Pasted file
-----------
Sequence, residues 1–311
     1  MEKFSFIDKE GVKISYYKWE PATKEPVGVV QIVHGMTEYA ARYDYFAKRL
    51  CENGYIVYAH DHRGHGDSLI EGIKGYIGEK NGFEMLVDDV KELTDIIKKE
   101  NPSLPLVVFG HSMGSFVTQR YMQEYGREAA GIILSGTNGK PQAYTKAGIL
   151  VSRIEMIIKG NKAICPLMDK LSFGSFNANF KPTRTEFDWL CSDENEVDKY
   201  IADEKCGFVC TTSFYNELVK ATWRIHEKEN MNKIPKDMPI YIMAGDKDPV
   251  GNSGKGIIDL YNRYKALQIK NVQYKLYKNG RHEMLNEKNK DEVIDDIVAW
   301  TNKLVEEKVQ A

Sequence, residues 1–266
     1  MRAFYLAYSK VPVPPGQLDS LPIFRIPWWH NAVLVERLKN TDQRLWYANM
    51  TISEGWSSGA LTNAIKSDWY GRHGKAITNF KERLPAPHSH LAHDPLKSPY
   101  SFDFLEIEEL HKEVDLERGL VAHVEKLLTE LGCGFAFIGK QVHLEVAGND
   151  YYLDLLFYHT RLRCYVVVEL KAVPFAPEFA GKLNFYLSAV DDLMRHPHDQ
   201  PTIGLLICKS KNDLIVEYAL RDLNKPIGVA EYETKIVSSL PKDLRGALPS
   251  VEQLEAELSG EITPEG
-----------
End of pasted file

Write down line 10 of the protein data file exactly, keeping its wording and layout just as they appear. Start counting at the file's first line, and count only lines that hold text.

     1  MRAFYLAYSK VPVPPGQLDS LPIFRIPWWH NAVLVERLKN TDQRLWYANM